Prenatal Fitness: What’s the deal?

So, in the back of all our minds, we know that it’s important to work out for our overall health. But, for many of us (hello, me included!) working out just doesn’t take priority in our everyday life.

But let me tell you – if there’s ever a time in your life to start moving more and incorporating workouts into your daily routine – it’s now, while you’re pregnant! There are seriously SO many benefits to working out while pregnant.

And maybe that’s not you. Maybe you already do work out regularly! And that’s awesome. Choosing a fitness program that’s specific to pregnancy is going to help you better tailor your workouts so you know you’re getting exactly what your body needs.

Here we’re going to talk about the benefits of prenatal fitness and where to start!

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7 Benefits of prenatal fitness

  1. Shorter labor and delivery: This 2018 study showed that women who exercise during pregnancy will have a significantly shorter labor AND delivery than those don’t
  2. Higher chance of a natural birth: The same study showed a correlation between regular exercise during pregnancy to less epidural use during labor
  3. Keeps mood swings at bay and may decrease risk of PPD: Exercise releases feel-good endorphins that make you literally happier
  4. Boosts your energy: When you’re exhausted, it can be hard to get a work out in, but you WILL feel more energized if you can get yourself moving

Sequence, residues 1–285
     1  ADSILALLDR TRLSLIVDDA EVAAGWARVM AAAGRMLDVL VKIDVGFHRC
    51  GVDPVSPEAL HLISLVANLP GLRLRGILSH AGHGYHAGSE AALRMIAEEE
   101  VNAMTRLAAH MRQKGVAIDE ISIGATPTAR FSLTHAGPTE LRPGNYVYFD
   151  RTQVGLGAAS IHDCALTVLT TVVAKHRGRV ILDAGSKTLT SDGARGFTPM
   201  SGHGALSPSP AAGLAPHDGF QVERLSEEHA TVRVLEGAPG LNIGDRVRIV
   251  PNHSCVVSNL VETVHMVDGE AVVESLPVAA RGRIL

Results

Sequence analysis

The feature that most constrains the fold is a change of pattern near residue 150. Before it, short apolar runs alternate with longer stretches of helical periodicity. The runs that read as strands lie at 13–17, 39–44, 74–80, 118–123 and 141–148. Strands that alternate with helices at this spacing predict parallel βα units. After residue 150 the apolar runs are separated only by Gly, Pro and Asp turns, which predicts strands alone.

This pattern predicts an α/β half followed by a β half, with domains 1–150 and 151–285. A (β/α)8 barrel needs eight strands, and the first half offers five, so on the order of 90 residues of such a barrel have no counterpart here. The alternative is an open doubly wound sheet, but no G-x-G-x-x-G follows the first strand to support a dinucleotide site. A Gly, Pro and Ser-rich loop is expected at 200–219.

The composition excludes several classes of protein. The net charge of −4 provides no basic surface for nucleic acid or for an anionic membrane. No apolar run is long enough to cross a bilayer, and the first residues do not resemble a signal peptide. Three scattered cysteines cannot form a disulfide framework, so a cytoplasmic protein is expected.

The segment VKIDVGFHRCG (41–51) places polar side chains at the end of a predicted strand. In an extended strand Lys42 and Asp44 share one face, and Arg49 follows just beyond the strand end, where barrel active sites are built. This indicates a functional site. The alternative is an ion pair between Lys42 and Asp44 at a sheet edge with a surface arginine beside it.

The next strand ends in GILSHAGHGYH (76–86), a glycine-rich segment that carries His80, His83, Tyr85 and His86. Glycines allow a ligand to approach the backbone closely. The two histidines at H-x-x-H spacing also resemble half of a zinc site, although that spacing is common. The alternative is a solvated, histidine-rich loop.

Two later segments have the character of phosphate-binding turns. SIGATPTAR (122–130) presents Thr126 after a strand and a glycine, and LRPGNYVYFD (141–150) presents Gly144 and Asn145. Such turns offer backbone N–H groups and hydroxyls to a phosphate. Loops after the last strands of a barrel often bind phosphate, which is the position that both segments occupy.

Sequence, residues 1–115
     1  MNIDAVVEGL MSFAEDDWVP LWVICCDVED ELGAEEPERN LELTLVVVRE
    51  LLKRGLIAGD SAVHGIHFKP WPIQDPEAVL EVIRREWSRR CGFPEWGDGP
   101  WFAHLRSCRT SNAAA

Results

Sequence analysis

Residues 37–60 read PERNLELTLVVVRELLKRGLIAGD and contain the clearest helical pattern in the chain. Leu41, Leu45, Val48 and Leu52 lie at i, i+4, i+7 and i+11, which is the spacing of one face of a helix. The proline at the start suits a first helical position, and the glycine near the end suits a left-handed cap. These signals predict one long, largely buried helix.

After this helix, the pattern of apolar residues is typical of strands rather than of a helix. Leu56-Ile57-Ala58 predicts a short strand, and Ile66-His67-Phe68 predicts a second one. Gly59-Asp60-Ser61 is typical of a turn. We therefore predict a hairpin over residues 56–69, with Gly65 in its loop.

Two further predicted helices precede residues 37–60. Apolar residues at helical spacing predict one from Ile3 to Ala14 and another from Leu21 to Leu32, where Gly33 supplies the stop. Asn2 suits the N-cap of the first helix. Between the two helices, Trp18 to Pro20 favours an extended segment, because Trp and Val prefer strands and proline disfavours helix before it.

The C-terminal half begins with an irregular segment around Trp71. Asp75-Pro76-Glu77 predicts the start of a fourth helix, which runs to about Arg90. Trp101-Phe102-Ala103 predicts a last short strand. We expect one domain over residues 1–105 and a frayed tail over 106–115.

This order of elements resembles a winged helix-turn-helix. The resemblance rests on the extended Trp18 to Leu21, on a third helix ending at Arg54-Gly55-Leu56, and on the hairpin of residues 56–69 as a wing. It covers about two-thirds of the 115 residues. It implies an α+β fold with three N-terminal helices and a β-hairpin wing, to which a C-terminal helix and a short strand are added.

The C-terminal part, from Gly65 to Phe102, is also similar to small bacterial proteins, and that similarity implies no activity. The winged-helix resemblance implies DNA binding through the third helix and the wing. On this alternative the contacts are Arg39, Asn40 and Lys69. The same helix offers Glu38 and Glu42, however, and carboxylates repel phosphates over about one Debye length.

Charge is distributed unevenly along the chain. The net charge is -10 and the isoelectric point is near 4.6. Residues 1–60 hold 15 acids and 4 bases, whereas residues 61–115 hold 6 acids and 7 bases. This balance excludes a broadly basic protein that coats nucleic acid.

5. Can help you meet your target weight gain: Healthy weight gains are different for every mama, but exercise can help you keep your number in check
  6. Minimizes pregnancy discomforts: Prenatal fitness helps with back, hip, and pelvic pain, leg and joint swelling, eases constipation, and can help you sleep better!
  7. Easier postpartum recovery: Participating in a fitness routine designed for pregnant mamas will help you strengthen your pelvic floor and core now for an easier recovery after birth

Prenatal fitness FAQs

Wow! That list of benefits is hard to argue with, am I right? There is seriously so much good to be had from staying active during pregnancy. But here’s the thing, this could be in the form of a full-blown prenatal fitness program, but if that’s just not you, then find a way to move your body that you DO love.

This could be adding a brisk walk to your day, swimming, or hiking. Let me share some more info with you guys and answer some of the most common prenatal fitness FAQs I hear.

Pregnancy safe exercises

Okay, so we already talked about all of the benefits above, but I wanted to chime in here with the fact that the American College of Obstetricians and Gynecologists (ACOG) recommends getting about 30 minutes of activity every day!

prenatal fitness infographic

Here are a few GREAT ways to move during your pregnancy:

  • Brisk walking
  • Yoga
  • Ball exercises (an exercise ball can be great to use during labor too!)
  • Squats/Pliés (also great for getting baby engaged for labor!)
  • Swimming
  • Biking on a stationary bike (regular biking isn’t recommended because you are more likely to fall)